Magazine article Metro Magazine

Enter the (Diaspora) Dragons: Martial Arts Cinema and Globalization: In the Last Decade Martial Arts Film Has Undergone a Renaissance in Asian and American Cinema. What Was Once Considered 'Oriental' Filmmaking Has Been Embraced by Western Popular Culture

Magazine article Metro Magazine

Enter the (Diaspora) Dragons: Martial Arts Cinema and Globalization: In the Last Decade Martial Arts Film Has Undergone a Renaissance in Asian and American Cinema. What Was Once Considered 'Oriental' Filmmaking Has Been Embraced by Western Popular Culture

Article excerpt

IS THIS TRUE symbiosis of cultures though, or does the recent success of Western martial arts inspired films such as Quentin Tarantino's Kill Bill volumes (2003 & 2004), or even Ang Leers Crouching Tiger Hidden Dragon (2000), merely reflect stylistic concerns designed to connect with the commercial fads of globalization? Furthermore, how has martial arts film evolved to reflect cultural identity?

Bruce Lee (along with the Shaw Brothers, who had earlier established their own production company)essentially pioneered the Asian martial arts film industry in the 1970s. Lee was responsible for bringing the genre to the attention of international audiences. His films were heavily political and focused on the disconnection felt by the lower class in China and perceived Japanese prejudices, as well as ushering in the new wave of Cantonese Kung Fu martial arts, characterized by weaponless fighting. (1) Lee's own revolutionary martial arts technique, Jeet Kun Do, also became a feature.

According to Stuart Kaminsky's essay Kung Fu as Ghetto Myth, 'Lee's films do not manifest any sense of common good as do Japanese Samurai films or Ameri can Westerns, but instead promote violence, vengeance and destruction.' (2) In the 1970s, American society was struggling to come to terms with the turmoil caused by the Vietnam War. A strong sense of national cynicism and disenchantment was expressed during this period. As David Desser suggests, American audiences connected with the negative sentiments expressed by the Chinese lower class depicted in Lee's films. Desser particularly cites 'the rebelliousness of black and youth audiences' as the markets that enabled Asian martial arts cinema to break through cultural boundaries and achieve mainstream American success. (3)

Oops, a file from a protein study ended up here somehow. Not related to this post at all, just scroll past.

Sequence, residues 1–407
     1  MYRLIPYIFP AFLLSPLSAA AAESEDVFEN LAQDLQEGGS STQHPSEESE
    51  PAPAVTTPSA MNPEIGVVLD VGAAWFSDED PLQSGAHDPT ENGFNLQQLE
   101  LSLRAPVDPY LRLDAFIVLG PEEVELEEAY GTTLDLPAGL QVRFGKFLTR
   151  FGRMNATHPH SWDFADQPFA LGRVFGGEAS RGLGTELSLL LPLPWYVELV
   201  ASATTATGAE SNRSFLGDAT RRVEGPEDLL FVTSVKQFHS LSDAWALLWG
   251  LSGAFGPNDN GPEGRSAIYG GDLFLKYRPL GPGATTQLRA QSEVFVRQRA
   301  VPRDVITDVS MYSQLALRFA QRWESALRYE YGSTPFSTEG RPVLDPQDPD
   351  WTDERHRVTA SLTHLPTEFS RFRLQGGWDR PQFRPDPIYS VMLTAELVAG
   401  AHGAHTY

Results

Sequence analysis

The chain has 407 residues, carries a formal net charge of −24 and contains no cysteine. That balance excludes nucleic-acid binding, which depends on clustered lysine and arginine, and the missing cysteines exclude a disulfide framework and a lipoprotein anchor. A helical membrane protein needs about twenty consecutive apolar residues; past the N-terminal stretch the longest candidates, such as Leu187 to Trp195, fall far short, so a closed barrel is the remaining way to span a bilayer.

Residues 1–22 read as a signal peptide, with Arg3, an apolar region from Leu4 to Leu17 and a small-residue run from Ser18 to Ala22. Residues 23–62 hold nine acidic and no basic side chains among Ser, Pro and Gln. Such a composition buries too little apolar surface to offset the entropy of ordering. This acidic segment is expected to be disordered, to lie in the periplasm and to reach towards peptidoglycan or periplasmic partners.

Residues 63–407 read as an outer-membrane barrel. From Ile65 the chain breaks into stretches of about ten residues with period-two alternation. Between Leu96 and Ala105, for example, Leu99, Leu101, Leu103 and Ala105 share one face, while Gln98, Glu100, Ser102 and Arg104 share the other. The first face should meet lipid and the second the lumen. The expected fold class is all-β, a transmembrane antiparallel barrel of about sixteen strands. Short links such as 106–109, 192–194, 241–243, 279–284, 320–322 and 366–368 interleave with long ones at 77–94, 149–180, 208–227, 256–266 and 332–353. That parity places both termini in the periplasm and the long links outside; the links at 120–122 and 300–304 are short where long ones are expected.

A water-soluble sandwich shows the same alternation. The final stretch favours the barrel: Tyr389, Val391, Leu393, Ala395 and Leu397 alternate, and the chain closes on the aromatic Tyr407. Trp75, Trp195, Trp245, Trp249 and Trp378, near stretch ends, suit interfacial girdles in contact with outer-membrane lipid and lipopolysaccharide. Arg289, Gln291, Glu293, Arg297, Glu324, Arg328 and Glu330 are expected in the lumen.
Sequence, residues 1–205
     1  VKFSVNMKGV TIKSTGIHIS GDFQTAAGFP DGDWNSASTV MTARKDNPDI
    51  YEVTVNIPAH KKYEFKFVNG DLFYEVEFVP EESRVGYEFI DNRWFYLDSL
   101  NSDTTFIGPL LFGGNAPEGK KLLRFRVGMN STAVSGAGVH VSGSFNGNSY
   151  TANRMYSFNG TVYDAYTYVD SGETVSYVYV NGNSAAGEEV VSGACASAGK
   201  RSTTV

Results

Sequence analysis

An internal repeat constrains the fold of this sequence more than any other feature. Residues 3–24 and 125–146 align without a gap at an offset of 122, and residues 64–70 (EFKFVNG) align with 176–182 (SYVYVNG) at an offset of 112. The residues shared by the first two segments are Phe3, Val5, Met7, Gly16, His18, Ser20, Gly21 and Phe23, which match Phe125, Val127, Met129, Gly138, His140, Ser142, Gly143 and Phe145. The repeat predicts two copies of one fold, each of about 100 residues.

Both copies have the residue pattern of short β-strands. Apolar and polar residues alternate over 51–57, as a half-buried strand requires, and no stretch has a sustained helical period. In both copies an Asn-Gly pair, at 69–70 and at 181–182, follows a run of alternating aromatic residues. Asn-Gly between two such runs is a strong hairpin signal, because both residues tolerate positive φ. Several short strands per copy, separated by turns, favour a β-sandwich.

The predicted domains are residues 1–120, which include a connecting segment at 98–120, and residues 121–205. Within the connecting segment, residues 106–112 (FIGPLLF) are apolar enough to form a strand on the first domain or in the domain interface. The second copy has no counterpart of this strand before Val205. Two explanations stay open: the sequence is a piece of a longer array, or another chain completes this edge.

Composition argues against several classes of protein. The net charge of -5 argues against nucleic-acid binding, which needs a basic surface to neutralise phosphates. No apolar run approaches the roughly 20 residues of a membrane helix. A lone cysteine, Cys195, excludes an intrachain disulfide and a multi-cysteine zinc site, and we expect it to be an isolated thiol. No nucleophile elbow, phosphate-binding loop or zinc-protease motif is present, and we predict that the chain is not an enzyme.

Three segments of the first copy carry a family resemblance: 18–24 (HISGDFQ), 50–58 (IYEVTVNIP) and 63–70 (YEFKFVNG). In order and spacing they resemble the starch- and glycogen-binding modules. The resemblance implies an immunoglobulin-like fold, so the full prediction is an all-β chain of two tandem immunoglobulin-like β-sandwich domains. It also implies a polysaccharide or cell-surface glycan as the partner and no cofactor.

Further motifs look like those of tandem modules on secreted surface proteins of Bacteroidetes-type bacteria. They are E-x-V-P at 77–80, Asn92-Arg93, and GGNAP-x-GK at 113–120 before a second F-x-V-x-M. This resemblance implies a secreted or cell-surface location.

In his review of The American Martial Arts Film, Douglas McLeod provides an alternative view, dismissing the notion that Lee's films connected with the antiauthoritarian attitudes of America's youth audiences. McLeod instead suggests that the rise in youth enrolment in martial arts schools across America indicates an emphasis, driven by parental influence, on authority and discipline. (4)

Here the influence of the Vietnam War again becomes relevant. According to statistics from the Combat Area Casualty File (CACF) in Washington DC, the average age of Americans involved in the war was 23.11. Indeed, the CACF states that five American casualties were only aged 16. These realities, reinforced by the draft efforts of the Armed Forces in schools across the nation, (5) inspired a youth-driven cultural drive to correct perceived injustices (and express youthful bravado). The cultural themes inherent in Lee's films therefore did seem to appeal to the sensibilities of America's youth culture in the 1970s.

Since the breakthrough of martial arts film into Western cultures, Asian filmmakers such as Ang Lee have continued to foreground Eastern politics, though with films aimed at drawing international audiences. The success in the West of Lee's Crouching Tiger Hidden Dragon heralded a new era of martial arts films that utilize Western filmmaking conventions. Lee, who has spent much of his life in the US, has admitted that the film owes much to American cinema. In traditional Asian martial arts films, fight scenes are often separate to the main plot. The story literally stops to make way for a fight scene. Lee's intention, though, was to use a similar strategy to Hollywood musicals, in which the music was organic to the plot. (6) However, Lee also hearkens back to Asian tradition by using the Mandarin language, common in Chinese martial arts cinema prior to Bruce Lee's internationalization of the genre. (7)

Derek Elley, writer for Variety, labelled Crouching Tiger 'culturally inauthentic' and accused it of corrupting 'its Asianness ... by its absorption of Western cinematic conventions'. (8) Salman Rushdie, writing for The New York Times, adopted a more positive view, in line with most other Western reviewers. …

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